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T. P. Harrison (1871 - )

Tennessee; Washington Co., Arkansas

Names Mentioned:

Harrison Repository - extensive ancestry available. [I think this is his grandfather but not positive yet.]

T. P. HARRISON, who is engaged in farming in Washington county and is also filling the position of county assessor, was born about five miles south of Prairie Grove on the 6th of May, 1871, and is a son of RICHARD P. and MALINDA (HOWELL) HARRISON, the former a native of Washington county, Arkansas, while the latter was born in East Tennessee and was brought to this state by her parents during her early girlhood. Further mention of Mr. and Mrs. Richard P. Harrison is made in connection with the sketch of J. M. HARRISON on another page (427-8) of this book. The son, T. P. HARRISON, was a pupil in the country schools and thus laid the foundation of his success in later life. He was trained to the work of the farm, early becoming familiar with the best methods of tilling the soil and caring for the crops, so that he had broad and valuable practical experience when he began farming on his own account after reching adult age. His entire attention was given to the further cultivation of his land until 1918, when he was elected to the office of county assessor, entering upon the duties of the position the following year. He served with such capability during his first term of two years that he was reelected in 1920 and is now serving for the second term. He devotes about six months of the year to the duties of the office and the remainder of his time to his farm. He still owns the old home place of one hundred twenty acres and carries on general agricultural pursuits, raising the crops best adapted to the soil and climate conditions here. He also has an orchard and raises considerable fruit and has always lived a life of industry, thrift and enterprise.

In 1891 Mr. Harrison was married to Miss ORA WHEELER, who was born in Washington county, a daughter of R. A. and ELLA (WEST) WHEELER, also native of this county, where for many years her father followed farming but is now retired. He served for four years in the Union army during the Civil war and he has always been a republican in politics, giving stanch support to the principles of the party. He belongs to the Methodist church and his life has ever been guided by high and honorable principles. To him and his wife have been born eight children, four sons and four daughters, and the family five are yet living, the eldest being Mrs. Harrison. The others are MRS. LOU SKELTON, whose husband is clerking in a store in Prairie Grove; ELLA, the wife of J. ED ROGERS, a farmer of Prairie Grove; MARVIN, who is an oil man living at Fullerton, California; and LYDE, the wife of ROY F. ABSHLER, also a resident of California.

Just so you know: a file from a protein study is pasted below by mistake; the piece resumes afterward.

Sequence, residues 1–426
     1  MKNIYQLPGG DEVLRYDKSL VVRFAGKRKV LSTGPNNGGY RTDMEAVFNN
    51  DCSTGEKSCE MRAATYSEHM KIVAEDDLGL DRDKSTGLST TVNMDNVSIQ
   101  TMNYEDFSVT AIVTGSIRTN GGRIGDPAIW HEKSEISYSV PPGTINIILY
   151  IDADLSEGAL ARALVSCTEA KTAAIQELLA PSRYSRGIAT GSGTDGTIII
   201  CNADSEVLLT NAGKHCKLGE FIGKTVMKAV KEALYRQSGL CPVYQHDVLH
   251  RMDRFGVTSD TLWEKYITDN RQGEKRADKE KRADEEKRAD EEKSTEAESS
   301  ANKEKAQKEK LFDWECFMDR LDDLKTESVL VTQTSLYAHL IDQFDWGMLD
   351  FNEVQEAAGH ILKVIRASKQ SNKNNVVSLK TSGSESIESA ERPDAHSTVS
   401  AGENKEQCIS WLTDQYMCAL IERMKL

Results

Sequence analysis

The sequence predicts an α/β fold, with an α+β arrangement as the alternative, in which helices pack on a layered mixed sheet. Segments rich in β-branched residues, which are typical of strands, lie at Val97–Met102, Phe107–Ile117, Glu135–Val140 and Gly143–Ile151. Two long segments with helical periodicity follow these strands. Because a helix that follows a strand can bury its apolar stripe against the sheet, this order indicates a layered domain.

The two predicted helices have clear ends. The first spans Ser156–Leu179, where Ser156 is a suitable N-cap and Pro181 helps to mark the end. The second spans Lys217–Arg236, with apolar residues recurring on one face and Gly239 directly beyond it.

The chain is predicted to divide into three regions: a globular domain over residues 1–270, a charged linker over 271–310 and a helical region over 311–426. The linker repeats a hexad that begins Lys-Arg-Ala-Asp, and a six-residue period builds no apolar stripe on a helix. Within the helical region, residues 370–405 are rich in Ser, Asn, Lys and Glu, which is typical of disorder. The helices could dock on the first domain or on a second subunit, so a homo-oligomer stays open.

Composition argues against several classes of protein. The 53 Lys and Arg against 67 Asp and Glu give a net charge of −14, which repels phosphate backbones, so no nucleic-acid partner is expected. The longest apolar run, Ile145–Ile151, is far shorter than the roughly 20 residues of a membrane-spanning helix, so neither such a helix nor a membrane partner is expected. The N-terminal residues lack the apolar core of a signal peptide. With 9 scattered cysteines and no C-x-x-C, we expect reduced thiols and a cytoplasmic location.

The marriage of Mr. and Mrs. Harrison was blessed with nine children: LACY, who was a resident of California was there killed in an automobile accident in 1914; JACOB, who is now engaged in the drug business at Tulsa, Oklahoma, served in the World war, being trained at Camp Pike. He was in France for thirteen months and later was with the Army of Occupation in Germany following the signing of the armistice. He was in the front line trenches many times, participated in the battle of St. Mihiel and the Argonne Forest and received his discharge in August, 1919; LUELLA, the third of the family, is at home; DWIGHT has completed the high school course; HELEN died of influenze in the year 1919; THOMAS, MARY and GERTRUDE are all in school; RICHARD PERSHING, two and a half years old, comples the family.

Since reaching his majority Mr. Harrison has always voted with the domocratic party and has taken an active interest in promoting its growth and securing its success. He belongs to the Methodist Episcopal Church, South, and is promiment in the independent Order of Odd Fellows, in which he has passed through all of the chairs. He has likewise been a representative to the grand lodge three times and is well known in the organization throughout this state. He has ever been active in the public life of the community and has left his impress upon public thought and action.


Source:
Copied from CENTENNIAL HISTORY OF ARKANSAS, VOLUME II published in 1922 by the S. J. Clarke Publishing Co., Chicago-Little Rock. Pages 973-4.

Submitted by Charlotte Broze.



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Last Updated: 1 May 1998
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